This cameo is a perfect example of playing against type, and it probably has something to do with a bit of an Alice Cooper re-emergence around the early nineties. Not only does he encourage the lovable metalheads to stay and hang out with him and the band, he turns out to be some kind of Milwaukee history buff. As Wayne (Mike Myers) and Garth (Dana Carvey) are wandering around backstage flashing their passes proudly to everyone they see, they run into Alice and the band. Eschewing the party-hard atmosphere of most hard rock bands, Alice engages them in a discussion of French missionaries and explorers from the late 16th century and Algonquin word origins. Curious indeed.
5. Billy Idol, “The Wedding Singer” (1998)
How many washed-up 80s rockers get to save the day in a hugely popular romantic comedy? Since Adam Sandler’s “The Wedding Singer” takes place in 1985 but was filmed in 1998, that means Billy Idol was 43 years old playing himself at 29 when he showed up on that fateful plane ride with Sandler and Drew Barrymore. Not only does Idol introduce Sandler’s win-her-back acoustic number over the airplane intercom, but he also blocks Barrymore’s Don Johnson-looking fiancée from getting anywhere near him with a sly “How you doin’ sir? Chicken or fish?” He also has the most devilish look on his face ever when one lady in first class asks, “What’s the mile-high club?” This appearance alone probably upped his nostalgic “cool” factor for a good 5 years or so.
4. David Bowie, “Zoolander”(2001)
It all gets too dangerous when male supermodels Derek Zoolander (Ben Stiller) and Hansel (Owen Wilson) decide to settle their beef on the runway at the old Members Only warehouse with a “Rocky”-like “walk-off.” There’s only one person with the fortitude and experience to judge this spur-of-the-moment meeting of the feeble minds—former glam rock king David Bowie. Bowie is a serious actor in his own right (from playing an alien in Nicolas Roeg’s “The Man Who Fell to Earth” in 1976 to playing inventor Nikola Tesla in Christopher Nolan’s 2006 thriller “The Prestige”), and he shows impeccable comic timing when he volunteers his services at a late-night party and covers the ground rules with his competitors. It should also be noted that his cameo on Ricky Gervais’ “Extras” doesn’t count because it’s a TV show, but it’s actually way funnier. Bowie improvises a song on the piano about Gervais’ “little fat man with the pug-nosed face” that has me in stitches every time I hear it.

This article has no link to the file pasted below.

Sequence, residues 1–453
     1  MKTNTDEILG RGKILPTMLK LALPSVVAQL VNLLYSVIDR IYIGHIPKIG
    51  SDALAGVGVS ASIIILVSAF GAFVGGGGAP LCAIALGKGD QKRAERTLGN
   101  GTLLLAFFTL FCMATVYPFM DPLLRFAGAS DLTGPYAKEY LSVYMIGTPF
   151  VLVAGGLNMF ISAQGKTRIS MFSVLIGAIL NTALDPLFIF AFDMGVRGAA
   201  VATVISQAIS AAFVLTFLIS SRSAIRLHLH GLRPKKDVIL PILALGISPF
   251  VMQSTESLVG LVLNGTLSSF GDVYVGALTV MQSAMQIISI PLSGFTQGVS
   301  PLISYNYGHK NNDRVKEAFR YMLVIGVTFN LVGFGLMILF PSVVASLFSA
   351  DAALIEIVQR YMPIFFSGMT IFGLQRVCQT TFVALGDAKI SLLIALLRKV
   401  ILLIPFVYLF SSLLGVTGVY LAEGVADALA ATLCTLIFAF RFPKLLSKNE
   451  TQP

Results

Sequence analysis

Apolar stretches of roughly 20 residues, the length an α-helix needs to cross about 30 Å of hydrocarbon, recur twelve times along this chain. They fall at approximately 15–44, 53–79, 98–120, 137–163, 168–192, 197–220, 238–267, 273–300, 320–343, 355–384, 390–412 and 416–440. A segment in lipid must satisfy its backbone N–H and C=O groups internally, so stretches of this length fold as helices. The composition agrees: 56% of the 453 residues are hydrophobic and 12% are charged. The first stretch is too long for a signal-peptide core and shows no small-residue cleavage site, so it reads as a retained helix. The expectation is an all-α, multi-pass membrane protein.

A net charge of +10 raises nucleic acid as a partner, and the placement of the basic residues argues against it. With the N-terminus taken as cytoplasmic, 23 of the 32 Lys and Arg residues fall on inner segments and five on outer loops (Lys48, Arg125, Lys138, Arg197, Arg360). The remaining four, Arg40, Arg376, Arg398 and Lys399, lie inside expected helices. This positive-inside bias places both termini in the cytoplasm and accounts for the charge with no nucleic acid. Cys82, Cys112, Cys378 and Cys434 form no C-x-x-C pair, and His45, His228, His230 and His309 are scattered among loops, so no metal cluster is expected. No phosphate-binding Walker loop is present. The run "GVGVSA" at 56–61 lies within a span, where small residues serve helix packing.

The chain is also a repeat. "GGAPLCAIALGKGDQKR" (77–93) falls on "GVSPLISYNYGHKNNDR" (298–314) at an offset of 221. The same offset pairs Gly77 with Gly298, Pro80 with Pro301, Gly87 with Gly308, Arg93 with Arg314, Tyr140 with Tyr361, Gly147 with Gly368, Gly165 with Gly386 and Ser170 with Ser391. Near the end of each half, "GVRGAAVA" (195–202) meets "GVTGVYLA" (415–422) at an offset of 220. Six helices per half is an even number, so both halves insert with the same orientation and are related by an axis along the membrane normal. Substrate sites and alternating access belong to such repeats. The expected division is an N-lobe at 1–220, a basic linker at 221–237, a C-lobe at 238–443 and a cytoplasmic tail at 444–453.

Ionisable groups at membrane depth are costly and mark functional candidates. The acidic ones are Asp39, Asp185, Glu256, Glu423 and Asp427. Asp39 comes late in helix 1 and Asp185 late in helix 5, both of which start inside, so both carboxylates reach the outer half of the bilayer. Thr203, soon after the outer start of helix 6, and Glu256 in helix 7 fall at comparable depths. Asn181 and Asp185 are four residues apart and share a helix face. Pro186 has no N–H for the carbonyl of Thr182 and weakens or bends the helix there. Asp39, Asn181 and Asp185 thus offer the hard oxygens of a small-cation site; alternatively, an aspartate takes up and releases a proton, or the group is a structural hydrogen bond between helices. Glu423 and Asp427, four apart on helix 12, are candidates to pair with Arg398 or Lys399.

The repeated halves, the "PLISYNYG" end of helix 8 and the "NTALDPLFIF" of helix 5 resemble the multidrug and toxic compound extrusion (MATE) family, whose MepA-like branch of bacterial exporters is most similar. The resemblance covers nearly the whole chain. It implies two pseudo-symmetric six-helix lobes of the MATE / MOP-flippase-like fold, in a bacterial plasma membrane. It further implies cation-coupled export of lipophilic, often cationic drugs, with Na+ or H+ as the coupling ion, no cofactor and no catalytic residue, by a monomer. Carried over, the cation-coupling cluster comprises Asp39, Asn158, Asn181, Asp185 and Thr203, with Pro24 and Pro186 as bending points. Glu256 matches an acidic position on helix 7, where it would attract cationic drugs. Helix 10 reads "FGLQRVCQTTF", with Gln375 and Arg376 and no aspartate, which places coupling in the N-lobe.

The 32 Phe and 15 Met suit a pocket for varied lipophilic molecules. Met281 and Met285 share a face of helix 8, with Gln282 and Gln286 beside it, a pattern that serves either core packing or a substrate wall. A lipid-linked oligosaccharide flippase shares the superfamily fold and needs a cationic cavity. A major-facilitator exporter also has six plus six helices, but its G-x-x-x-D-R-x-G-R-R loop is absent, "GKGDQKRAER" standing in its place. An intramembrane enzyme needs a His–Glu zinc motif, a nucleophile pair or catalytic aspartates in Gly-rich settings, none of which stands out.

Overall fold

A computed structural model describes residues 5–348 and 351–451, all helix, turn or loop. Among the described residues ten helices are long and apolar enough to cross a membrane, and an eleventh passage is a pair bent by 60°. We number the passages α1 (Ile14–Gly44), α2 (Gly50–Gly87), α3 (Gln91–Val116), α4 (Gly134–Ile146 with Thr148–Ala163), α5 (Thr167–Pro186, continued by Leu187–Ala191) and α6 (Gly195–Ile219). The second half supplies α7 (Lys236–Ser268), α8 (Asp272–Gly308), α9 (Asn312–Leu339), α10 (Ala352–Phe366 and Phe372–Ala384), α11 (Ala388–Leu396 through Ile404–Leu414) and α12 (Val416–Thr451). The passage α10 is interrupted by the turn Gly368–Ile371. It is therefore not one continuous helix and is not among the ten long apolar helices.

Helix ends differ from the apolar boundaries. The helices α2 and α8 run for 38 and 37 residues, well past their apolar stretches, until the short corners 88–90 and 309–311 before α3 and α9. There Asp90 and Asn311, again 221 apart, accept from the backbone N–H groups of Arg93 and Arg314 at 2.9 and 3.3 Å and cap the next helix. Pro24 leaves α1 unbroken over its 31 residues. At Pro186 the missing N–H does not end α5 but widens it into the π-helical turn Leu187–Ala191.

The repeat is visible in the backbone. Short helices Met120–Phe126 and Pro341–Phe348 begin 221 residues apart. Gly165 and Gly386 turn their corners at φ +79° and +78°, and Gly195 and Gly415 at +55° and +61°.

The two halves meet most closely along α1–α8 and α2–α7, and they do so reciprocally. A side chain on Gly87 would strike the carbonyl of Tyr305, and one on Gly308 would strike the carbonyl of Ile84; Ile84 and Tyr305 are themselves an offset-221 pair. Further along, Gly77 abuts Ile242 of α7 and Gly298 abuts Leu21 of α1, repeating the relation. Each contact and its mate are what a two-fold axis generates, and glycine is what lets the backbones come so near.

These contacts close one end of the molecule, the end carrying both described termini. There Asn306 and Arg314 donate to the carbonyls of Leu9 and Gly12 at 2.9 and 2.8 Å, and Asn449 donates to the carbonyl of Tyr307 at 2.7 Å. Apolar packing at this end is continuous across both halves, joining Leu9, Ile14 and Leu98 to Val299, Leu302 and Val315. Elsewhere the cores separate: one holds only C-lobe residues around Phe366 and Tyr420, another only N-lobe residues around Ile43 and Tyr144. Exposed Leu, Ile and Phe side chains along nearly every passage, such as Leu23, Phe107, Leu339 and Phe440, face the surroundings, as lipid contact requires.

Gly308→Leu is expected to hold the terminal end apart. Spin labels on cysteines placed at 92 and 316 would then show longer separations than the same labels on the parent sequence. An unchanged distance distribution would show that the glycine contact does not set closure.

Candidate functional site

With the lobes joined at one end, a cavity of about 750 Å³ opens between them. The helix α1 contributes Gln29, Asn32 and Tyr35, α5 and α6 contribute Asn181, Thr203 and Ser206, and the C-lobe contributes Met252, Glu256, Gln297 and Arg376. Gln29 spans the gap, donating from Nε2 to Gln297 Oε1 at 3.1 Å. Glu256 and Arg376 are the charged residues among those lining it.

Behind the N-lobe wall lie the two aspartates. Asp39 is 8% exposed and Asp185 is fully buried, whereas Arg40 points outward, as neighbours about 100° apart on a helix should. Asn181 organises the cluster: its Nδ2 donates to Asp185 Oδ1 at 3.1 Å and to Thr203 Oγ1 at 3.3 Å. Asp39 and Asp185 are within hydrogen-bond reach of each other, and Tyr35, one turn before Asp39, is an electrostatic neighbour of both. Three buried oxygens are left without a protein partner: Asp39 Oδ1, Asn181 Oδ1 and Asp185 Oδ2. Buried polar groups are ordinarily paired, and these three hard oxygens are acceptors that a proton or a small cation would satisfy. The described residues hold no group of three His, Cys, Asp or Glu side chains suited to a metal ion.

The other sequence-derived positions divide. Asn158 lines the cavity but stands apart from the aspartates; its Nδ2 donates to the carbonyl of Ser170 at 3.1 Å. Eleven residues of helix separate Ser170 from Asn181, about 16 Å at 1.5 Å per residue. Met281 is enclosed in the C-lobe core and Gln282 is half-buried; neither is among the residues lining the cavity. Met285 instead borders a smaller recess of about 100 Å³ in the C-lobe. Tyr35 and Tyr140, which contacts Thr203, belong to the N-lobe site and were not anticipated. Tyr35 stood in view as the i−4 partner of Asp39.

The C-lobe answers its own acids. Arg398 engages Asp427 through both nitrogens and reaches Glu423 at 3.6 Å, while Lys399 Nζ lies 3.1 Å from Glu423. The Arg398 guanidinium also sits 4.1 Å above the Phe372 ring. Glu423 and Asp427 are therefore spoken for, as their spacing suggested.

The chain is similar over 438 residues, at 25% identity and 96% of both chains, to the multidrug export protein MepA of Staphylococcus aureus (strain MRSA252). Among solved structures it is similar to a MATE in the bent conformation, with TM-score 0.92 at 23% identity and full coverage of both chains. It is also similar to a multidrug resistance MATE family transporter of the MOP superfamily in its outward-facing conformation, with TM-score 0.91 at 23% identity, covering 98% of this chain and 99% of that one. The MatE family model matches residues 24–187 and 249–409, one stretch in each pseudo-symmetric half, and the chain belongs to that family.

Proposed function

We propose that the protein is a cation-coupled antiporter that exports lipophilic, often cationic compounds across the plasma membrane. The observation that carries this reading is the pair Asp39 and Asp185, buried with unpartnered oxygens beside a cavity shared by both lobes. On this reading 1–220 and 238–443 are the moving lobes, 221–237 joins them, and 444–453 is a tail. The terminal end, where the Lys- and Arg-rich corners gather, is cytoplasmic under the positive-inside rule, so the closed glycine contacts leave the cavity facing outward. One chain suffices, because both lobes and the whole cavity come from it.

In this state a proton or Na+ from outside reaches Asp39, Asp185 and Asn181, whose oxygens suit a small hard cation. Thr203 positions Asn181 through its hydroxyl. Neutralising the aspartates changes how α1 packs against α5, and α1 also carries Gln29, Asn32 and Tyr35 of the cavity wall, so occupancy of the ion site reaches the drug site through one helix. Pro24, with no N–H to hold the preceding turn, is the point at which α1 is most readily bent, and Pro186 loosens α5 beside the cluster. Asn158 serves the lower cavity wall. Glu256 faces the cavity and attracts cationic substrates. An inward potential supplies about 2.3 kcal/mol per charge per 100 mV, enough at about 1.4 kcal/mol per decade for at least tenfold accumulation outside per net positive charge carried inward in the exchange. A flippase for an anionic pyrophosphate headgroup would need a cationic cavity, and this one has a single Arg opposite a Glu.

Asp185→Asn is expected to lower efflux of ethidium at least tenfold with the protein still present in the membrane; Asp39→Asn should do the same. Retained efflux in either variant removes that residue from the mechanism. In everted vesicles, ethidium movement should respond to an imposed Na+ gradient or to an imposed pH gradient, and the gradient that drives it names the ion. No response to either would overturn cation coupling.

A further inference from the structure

3. Alanis Morrisette, “Dogma” (1999)
I’m not a big Alanis Morrisette fan, so when her cameo in Kevin Smith’s “Dogma” was first leaked, I was pretty poo-poo about the whole thing. When I found out that he had cast her as God, I thought—“Wow, is he trying to say something about her music?” Yikes. But this is one of those instances when you just have to trust that the director saw something that you hadn’t. I mean, he is the freaking director after all—who are we to sit here and judge before we even see the film? Since then, I try to remain pretty open about all casting news I hear. The statement—that God is a woman (or in woman form at least)—was enough. All Smith was trying to do was push our buttons, after all. What Morrissette brought to her small but ultimately HUGE role is this little-girl impish kind of playfulness that completely suited the conclusion to a pretty far-out religious adventure film that flirted with some pretty heavy subjects. Smith was right—she was perfect for the part.
2. Ozzy Osbourne, “Trick or Treat” (1986)
Way before the Prince of Darkness became a stuttering reality TV star, Ozzy was about as dangerous as you could get in heavy metal. Back in the 80s (before the Internet), his supposedly Satanic lyrics and rumors of him biting the heads off bats onstage were real enough to scare the beejezus out of younger metal fans. (After the bat actual incident, which happened just once on accident with a dead bat in Des Moines, phone calls to the Wisconsin Humane Society on the same 1982 tour warned that Osbourne would be slaughtering a goat onstage in Milwaukee.) That’s why his cameo in the backwards-masking horror flick “Trick or Treat” is so much fun. No, he’s not the possessed rock star—instead, Ozzy plays a man of the cloth. He’s shown on the TV—in the background of two separate scenes—railing against the evils of rock n’ roll pornography and the “sick people” who listen to it. In one clip, he’s passionately denouncing an album called “Do It Like A Dog.” Gene Simmons of KISS also cameos in the film as a DJ named Nuke, but it’s not nearly as funny or cool as Ozzy’s part.
1. Bruce Springsteen, “High Fidelity” (2000)
Rob Gordon (John Cusack) is obsessed with music and he can’t seem to take the next step in his adult life. In Stephen Frears’ brilliant adaptation of the novel (a book that speaks to me louder than almost any other), Rob also consistently breaks the fourth wall and speaks directly to the audience. In the book by Nick Hornby, the main character wishes he could handle his past girlfriends as well as the musician does in the Bruce Springsteen song “Bobby Jean.” In the movie, Rob has a conversation in his head out loud with the Boss, who shows up strumming a guitar in the studio, to offer some sage advice. At that point in the movie, he may be the only person that Rob will actually listen to. He lies on his pillow, looking up to the ceiling and has the conversation all by himself. “Thanks, Boss,” he says, saluting after it’s over. (Watch it at the link above. Now.)